3. Within a few weeks, evil and false reports have been put into circulation, imputing to us motives, words and conduct calculated to inflame the public mind, which imputations are utterly false and groundless. These imputations we have publicly denied, and offered every facility for the fullest investigation, which we have earnestly but vainly sought.

4. On Friday, the 23d inst., a company of sixty-two men, claiming to have been appointed by a meeting of the citizens of our county, without any shadow of legal authority, and in violation of the Constitution and laws of the State and United States, called at our respective residences and places of business, and notified us to leave the county and State, and be without this county and State within ten days, and handed us the accompanying document, in which you will see that, unless the said order be promptly complied with, there is expressed a fixed determination to remove us by force.

In view of these facts, which we can substantiate by the fullest evidence, we respectfully pray that you, in the exercise of the power vested in you Edition: current; Page: [15] by the Constitution, and made your duty to use, do protect us in our rights as loyal citizens of the Commonwealth of the State of Kentucky.


Gov. Magoffin, says the Commercial, received the bearers of the petition (Reed and Hayes) courteously, and advised them, for the sake of preserving the peace of the State, to leave it! He said that the public mind was deeply moved by the events in Virginia, and that until the excitement subsided, their presence in the State would be dangerous, and he could not engage to protect them from their fellow-citizens who had resolved that they must go.

He promised them security while taking their departure, and that their property should be protected. They say that, for the most part, they were treated politely by those who have driven them from their homes, and they have hopes that presently the people of Kentucky will take a sober thought, and allow them to return to their several places of abode and accustomed avocations.

It is certainly not a light matter to drive out of a State men who build steam saw-mills, improve farms, keep schools, and labor faithfully as ministers of the Gospel, and who give no provocation to any in any way—who offend against no law—who make no war upon society—and who merely hold that slavery is a sin, and teach that it should come to an end in God’s own good time. The steam-mill of Mr. Hanson was doing well until he was constrained to abandon it. The school of Mr. Rogers was in a flourishing condition, having nearly a hundred pupils during the last term, a great portion of them the children of slaveholders. Kentucky cannot afford to drive beyond her borders the men who build mills and academies.

The exiles seem in good spirits. They do not indulge even in unkind words about those who have made them homeless. They seem to be divided in opinion as to their course in future. They all hope to go back to Old Kentucky, and live, labor, and die on her soil. Some fear they cannot go back, and Edition: current; Page: [16] think of looking out for employment in the free States; and they have vague ideas of appealing for protection in their rights and immunities as citizens to the Federal Government.

John G. Fee
Fee, John G.


The following is an extract from a letter of Mr. Fee to one of the Secretaries of the American Missionary Association, dated Germantown, Bracken County, Ky., Jan. 25th:—

“I am enduring a great trial. The floods come over me. I am again to be driven out, by a more overwhelming force than was in Madison county. Last Monday, it was supposed there came from eight hundred to a thousand people at the county seat. With almost unanimous rush, the mass gathered from the two counties, (I am near the Mason county line,) and resolved to drive me out. Some ten or twelve days are given us to leave. A committee of one hundred men are appointed to come, and warn us to go. I have sought counsel of the Lord, and of friends. There can be no human protection. I am to be driven out from one of the best communities in the State.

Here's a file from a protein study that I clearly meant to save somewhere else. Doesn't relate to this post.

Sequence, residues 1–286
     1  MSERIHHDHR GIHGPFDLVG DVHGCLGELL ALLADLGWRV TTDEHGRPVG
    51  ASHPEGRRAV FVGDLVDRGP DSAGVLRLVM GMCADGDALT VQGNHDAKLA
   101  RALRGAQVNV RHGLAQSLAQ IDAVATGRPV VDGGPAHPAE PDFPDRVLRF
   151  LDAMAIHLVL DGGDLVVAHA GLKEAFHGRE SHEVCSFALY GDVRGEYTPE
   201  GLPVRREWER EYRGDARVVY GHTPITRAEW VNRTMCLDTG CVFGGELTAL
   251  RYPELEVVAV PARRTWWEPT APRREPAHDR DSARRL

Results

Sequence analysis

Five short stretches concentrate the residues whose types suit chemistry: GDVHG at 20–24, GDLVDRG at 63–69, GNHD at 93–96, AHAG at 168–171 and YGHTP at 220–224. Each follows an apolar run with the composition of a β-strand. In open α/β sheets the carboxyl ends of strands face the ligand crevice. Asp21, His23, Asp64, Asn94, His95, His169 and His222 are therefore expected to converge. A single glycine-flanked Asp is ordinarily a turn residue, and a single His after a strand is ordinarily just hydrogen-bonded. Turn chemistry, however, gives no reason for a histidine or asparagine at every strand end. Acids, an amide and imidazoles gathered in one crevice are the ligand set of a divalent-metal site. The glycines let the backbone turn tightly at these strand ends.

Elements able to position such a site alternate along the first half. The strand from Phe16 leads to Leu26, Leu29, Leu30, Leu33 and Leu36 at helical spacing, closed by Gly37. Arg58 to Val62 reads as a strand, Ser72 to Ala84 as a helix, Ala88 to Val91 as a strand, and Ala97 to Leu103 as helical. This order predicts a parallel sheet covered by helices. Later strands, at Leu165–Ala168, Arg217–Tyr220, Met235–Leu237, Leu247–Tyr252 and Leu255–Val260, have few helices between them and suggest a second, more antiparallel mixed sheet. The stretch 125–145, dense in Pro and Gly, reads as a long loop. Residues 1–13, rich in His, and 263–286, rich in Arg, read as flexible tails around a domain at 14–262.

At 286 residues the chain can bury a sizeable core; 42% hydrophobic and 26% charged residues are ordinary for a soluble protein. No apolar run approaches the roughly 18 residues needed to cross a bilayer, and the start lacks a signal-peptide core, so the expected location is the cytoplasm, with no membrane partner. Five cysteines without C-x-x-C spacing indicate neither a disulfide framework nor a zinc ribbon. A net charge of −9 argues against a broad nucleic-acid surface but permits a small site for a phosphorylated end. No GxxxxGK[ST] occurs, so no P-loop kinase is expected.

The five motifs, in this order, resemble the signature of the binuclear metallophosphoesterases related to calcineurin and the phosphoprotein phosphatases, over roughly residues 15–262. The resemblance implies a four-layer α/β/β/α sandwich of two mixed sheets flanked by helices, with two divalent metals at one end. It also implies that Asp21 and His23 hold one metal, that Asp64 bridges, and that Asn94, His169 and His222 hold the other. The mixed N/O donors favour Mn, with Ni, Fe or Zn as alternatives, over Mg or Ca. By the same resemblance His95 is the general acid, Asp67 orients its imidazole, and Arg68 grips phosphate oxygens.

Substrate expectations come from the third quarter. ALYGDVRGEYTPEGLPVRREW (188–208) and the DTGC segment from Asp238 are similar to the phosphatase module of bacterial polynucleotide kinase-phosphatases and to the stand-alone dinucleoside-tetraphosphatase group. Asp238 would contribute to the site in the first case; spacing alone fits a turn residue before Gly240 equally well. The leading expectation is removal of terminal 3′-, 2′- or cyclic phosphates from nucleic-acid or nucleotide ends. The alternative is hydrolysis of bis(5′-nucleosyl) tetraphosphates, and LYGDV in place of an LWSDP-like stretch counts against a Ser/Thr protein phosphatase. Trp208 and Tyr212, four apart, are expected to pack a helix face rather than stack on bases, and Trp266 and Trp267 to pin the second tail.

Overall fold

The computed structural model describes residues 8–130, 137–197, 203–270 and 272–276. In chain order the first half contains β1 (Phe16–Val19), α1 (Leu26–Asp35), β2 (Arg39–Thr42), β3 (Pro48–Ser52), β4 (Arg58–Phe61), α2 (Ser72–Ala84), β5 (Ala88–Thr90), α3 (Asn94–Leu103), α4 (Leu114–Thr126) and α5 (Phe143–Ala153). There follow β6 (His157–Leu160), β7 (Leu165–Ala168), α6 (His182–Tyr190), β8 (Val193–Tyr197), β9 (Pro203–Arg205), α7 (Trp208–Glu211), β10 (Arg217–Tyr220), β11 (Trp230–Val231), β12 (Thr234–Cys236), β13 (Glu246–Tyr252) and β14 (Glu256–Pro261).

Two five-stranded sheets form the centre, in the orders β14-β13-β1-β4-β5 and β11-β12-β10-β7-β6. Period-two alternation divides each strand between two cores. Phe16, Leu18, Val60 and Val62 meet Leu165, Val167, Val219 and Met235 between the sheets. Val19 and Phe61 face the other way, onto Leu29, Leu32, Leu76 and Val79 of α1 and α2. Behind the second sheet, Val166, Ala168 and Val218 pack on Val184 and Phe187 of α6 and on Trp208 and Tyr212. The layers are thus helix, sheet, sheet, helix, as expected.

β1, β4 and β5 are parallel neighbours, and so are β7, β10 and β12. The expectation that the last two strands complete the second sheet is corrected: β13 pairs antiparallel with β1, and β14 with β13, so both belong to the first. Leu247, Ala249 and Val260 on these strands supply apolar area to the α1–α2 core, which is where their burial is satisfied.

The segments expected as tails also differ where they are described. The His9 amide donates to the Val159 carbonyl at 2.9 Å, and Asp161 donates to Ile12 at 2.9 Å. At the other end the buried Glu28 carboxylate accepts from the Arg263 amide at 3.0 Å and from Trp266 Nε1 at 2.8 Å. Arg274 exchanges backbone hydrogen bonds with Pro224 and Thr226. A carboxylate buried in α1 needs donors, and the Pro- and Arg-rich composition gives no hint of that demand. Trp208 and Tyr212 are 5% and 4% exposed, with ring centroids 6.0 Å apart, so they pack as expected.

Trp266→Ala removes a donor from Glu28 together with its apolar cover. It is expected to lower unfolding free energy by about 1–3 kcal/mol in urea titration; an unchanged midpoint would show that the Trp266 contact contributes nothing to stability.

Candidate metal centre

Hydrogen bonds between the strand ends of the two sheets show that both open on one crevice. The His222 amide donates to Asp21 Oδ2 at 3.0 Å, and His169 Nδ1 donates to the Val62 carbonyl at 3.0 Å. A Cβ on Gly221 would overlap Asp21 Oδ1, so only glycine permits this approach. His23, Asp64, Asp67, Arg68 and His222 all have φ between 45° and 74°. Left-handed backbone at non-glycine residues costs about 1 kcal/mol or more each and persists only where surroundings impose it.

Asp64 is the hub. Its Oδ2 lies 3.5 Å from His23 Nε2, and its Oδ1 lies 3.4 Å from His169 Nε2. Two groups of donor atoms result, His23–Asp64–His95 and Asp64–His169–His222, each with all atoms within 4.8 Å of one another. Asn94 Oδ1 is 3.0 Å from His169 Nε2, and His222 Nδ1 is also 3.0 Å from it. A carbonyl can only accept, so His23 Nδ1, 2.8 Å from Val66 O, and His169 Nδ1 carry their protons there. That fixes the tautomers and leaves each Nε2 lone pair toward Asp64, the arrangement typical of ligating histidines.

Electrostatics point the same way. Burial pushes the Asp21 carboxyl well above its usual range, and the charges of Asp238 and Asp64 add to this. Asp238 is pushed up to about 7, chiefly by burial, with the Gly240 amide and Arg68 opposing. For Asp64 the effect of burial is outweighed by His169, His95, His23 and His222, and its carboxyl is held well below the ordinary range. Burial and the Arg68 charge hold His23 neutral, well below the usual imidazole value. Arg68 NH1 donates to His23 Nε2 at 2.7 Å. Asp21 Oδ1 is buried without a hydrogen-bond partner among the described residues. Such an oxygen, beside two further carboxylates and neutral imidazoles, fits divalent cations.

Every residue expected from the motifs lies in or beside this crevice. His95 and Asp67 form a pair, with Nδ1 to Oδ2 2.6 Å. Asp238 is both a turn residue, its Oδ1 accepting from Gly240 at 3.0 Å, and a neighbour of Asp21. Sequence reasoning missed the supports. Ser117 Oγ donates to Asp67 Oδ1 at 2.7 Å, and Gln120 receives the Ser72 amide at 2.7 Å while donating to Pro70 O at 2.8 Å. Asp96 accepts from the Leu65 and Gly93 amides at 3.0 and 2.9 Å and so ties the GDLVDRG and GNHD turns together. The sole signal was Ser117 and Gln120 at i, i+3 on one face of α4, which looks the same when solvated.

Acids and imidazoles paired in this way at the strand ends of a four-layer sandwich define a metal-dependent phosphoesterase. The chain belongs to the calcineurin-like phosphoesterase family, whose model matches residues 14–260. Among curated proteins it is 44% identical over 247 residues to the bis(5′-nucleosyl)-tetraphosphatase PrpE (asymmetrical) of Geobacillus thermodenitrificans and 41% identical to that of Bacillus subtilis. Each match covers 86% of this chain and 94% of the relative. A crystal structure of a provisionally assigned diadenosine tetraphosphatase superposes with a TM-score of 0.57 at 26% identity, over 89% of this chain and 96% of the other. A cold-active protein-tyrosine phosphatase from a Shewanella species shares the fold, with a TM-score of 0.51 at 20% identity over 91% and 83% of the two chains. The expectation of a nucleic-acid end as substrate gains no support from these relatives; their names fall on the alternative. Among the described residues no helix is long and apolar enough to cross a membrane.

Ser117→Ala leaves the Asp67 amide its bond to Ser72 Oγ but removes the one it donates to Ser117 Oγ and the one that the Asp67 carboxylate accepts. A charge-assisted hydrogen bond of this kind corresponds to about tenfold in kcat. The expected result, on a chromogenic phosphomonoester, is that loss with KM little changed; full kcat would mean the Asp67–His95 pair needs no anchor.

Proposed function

A few days since, I went to Germantown, to talk with the leading influential citizens. I desired to meet them face to face to talk over the positions I assume, and the evils of mob violence. Brother Humlong, a man of true excellence, went with me.

We called, and talked freely with many. A physician, of commanding position in society, speaking of the people of Bethesda, friends of the Church, said, “I wish to Heaven all Kentucky was as that neighborhood.” “The people,” said he, “are industrious, quiet, upright citizens,” and then repeated his wish! Now from this scene of thrift I must be driven, from relatives, from the dear brethren and sisters in the Church, and friends around. Also from the plan or prospect of building up churches in Kentucky, and, still harder, from the prospect of carrying to the people of Kentucky the only Edition: current; Page: [17] Gospel that can save. I can understand, now, why the Saviour wept over Jerusalem, as he saw that people about to push the cup of Salvation from them. Oh, how I wish I could be with you, to tell the anguish of my heart for others, and to plan for the future! The giving up of property, home, all earthly considerations, are not so painful as the idea of giving up these churches, and the privilege of laboring directly with and for the people of Kentucky. How shall I go away, and give up this work? I cannot give it up. I must only change my place of labor for a time. For years I have had unceasing care and toil to get things so established here, that I could have a prospect of their standing. Other brethren have toiled for a like object. We hoped then to have rest of spirit, and to rejoice in that reaped growth, which we then expected to see when we should have lived down much of the opposition, and seen confidence secured. The rest has not yet come. The viper that now stings, has been nurtured into strength in the bosom of the denominations around us. Church and State have been warming into life that which is now poisoning their vitals, and ruthlessly destroying all law and order. The abomination of desolation is working. Can, oh, can this nation be roused to the work of exterminating this monster, Slavery? It can be done by means peaceful and legitimate, if Christians and philanthropists will only, at once, do their duty, in Church and State.